Receiving clear fire calls dispatched by Southold remains a problem on Shelter Island.
But help is on the way, according to Southold Police Chief Martin Flatley.
The problem stems from “a repeater” on the Suffolk County Water Authority tower in Greenport, a device that is supposed to relay calls to Island firefighters, but often doesn’t work.
Depending on the location of firefighters when a call comes in, they may get a clear readout about the nature and location of a fire call; receive a limited and garbled message; or hear nothing at all.
The Reporter maintains a scanner, but frequently hears details only of North Fork calls, not Shelter Island calls. Yet just across the street, Greenport Mayor George Hubbard, who maintains a scanner at his Jaspa Road garage, said he heard a call clearly on Friday afternoon.
Shelter Island Fire Commissioner Larry Lechmanski, who has been the point person trying to improve radio communications on the Island, worries that there could be a call no firefighter receives that results in serious injury or death.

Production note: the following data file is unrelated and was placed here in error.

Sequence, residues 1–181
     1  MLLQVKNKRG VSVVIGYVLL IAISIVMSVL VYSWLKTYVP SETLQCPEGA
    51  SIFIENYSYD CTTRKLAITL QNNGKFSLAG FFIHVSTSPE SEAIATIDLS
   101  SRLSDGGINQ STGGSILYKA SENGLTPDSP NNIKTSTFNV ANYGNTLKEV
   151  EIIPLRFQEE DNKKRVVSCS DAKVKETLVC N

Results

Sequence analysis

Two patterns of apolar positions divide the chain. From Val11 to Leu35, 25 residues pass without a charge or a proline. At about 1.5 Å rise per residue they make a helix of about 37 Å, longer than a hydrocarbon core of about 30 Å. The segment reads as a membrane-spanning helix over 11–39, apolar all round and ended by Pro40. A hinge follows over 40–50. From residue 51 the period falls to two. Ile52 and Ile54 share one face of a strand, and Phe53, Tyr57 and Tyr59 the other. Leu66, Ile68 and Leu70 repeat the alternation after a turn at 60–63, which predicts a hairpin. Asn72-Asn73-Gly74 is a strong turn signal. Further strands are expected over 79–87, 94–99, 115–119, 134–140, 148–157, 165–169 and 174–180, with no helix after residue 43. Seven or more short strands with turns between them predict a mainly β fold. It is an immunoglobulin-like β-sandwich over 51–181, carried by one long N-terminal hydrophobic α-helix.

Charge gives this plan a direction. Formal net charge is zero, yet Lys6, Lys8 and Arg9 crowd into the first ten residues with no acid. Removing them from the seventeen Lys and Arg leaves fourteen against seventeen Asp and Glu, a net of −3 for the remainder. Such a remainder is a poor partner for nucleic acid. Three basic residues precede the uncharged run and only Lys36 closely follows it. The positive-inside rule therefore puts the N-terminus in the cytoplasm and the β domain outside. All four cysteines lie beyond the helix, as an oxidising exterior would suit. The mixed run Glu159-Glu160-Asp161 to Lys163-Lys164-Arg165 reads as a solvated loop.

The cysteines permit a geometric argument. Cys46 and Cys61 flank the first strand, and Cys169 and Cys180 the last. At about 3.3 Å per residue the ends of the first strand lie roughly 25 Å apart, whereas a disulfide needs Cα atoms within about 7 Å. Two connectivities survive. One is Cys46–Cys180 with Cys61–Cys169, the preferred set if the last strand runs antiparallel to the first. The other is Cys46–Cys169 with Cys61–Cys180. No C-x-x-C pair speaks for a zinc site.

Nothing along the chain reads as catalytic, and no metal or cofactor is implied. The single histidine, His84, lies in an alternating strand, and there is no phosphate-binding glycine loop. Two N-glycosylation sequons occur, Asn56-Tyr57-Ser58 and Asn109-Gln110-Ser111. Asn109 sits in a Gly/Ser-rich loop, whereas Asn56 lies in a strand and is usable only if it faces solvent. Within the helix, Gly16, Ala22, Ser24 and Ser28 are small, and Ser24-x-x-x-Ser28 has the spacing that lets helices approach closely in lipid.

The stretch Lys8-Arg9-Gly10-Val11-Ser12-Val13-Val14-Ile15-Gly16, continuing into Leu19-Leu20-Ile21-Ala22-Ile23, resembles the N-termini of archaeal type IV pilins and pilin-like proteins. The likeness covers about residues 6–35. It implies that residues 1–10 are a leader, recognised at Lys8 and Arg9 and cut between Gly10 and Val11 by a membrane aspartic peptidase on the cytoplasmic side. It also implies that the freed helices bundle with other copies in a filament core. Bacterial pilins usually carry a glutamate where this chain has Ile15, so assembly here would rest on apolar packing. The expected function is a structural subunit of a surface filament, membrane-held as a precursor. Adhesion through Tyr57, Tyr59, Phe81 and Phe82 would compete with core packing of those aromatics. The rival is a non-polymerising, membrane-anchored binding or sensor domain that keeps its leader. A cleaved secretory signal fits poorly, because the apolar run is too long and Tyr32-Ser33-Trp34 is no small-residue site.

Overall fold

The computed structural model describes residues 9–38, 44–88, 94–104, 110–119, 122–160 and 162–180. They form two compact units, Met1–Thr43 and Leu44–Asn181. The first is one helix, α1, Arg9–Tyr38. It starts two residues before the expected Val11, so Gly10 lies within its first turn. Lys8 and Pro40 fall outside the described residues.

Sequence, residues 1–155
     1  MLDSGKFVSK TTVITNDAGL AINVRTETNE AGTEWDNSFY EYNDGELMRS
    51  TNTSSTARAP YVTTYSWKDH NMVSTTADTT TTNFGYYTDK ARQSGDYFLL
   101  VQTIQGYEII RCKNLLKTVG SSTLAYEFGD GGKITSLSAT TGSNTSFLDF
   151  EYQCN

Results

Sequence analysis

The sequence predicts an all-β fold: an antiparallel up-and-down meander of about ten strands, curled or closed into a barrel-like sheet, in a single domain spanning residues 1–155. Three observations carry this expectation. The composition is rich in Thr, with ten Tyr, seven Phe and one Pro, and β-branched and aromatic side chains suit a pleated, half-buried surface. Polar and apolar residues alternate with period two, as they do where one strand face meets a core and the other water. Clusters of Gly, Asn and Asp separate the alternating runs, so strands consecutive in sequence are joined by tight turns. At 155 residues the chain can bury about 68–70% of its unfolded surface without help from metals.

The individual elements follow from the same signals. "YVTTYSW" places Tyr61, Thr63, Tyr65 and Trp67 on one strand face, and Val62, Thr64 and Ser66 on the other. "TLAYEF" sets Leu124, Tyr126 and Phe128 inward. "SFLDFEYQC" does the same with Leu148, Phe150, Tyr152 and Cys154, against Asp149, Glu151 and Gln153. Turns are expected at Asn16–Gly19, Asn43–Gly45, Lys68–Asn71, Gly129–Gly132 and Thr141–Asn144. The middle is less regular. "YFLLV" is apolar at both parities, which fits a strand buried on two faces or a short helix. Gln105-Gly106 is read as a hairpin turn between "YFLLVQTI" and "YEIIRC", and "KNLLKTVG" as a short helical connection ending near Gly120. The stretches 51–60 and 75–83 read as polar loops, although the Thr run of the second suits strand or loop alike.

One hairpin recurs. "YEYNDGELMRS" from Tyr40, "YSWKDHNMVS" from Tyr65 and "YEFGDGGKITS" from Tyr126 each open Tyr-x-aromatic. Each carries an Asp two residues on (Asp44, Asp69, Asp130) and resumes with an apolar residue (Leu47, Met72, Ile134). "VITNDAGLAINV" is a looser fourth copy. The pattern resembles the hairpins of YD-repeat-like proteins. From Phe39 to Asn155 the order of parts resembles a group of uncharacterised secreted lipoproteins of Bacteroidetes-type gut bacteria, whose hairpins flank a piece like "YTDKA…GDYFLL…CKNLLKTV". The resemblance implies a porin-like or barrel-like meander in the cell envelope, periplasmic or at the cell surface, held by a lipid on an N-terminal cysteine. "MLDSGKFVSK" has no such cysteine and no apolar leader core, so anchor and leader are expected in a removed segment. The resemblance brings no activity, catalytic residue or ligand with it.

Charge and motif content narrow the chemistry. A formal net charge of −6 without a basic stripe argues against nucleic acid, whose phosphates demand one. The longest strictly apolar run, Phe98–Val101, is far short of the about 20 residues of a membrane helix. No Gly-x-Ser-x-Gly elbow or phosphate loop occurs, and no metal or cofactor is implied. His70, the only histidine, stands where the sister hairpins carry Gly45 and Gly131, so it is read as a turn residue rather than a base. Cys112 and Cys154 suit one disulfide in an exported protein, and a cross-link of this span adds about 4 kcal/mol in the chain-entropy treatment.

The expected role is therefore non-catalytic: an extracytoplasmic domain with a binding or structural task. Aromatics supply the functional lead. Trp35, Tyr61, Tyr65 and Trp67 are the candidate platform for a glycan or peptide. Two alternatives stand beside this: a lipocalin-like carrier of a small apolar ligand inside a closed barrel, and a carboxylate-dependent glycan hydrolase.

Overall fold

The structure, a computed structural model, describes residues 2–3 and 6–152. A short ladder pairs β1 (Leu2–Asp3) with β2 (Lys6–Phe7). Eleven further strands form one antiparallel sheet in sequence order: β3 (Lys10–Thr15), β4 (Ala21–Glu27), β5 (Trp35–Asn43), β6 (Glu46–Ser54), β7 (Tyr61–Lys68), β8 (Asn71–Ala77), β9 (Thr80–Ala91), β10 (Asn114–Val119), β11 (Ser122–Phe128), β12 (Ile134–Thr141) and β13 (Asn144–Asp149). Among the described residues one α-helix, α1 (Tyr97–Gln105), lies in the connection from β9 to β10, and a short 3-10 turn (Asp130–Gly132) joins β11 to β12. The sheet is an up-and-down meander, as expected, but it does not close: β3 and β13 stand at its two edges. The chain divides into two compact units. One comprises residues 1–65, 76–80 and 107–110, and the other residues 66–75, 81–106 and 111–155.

The antiquated equipment on the tower in Greenport is expected to be replaced within the next two weeks, Chief Flatley said.
That Greenport tower is at the crux of a lot of communications problems, including the ability of his own police to communicate with one another when they’re out in East Marion or Orient, the chief said.
“I’m more anxious than anybody to get hands on” in replacing the old repeaters and antennae that are causing some of the problems, he added. Changes to the equipment on the Greenport tower is a priority, the chief said, estimating the cost at more than $10,000.
The Island has upgraded equipment and is exploring putting in a higher tower at the Center firehouse. It also will be moving from low band to high band equipment, but in the meantime, the changes at the Greenport tower should make a major difference in the clarity of calls between Southold that dispatches for the Shelter Island Fire Department, Chief Flatley said.
Both the Island’s Police Department and Emergency Medical Services Service have upgraded equipment that works effectively for their members, said Detective Sergeant Jack Thilberg, who is the director of the Island’s Emergency Medical Services.
At the same time, while that equipment is working effectively, there are upgrades planned, he said.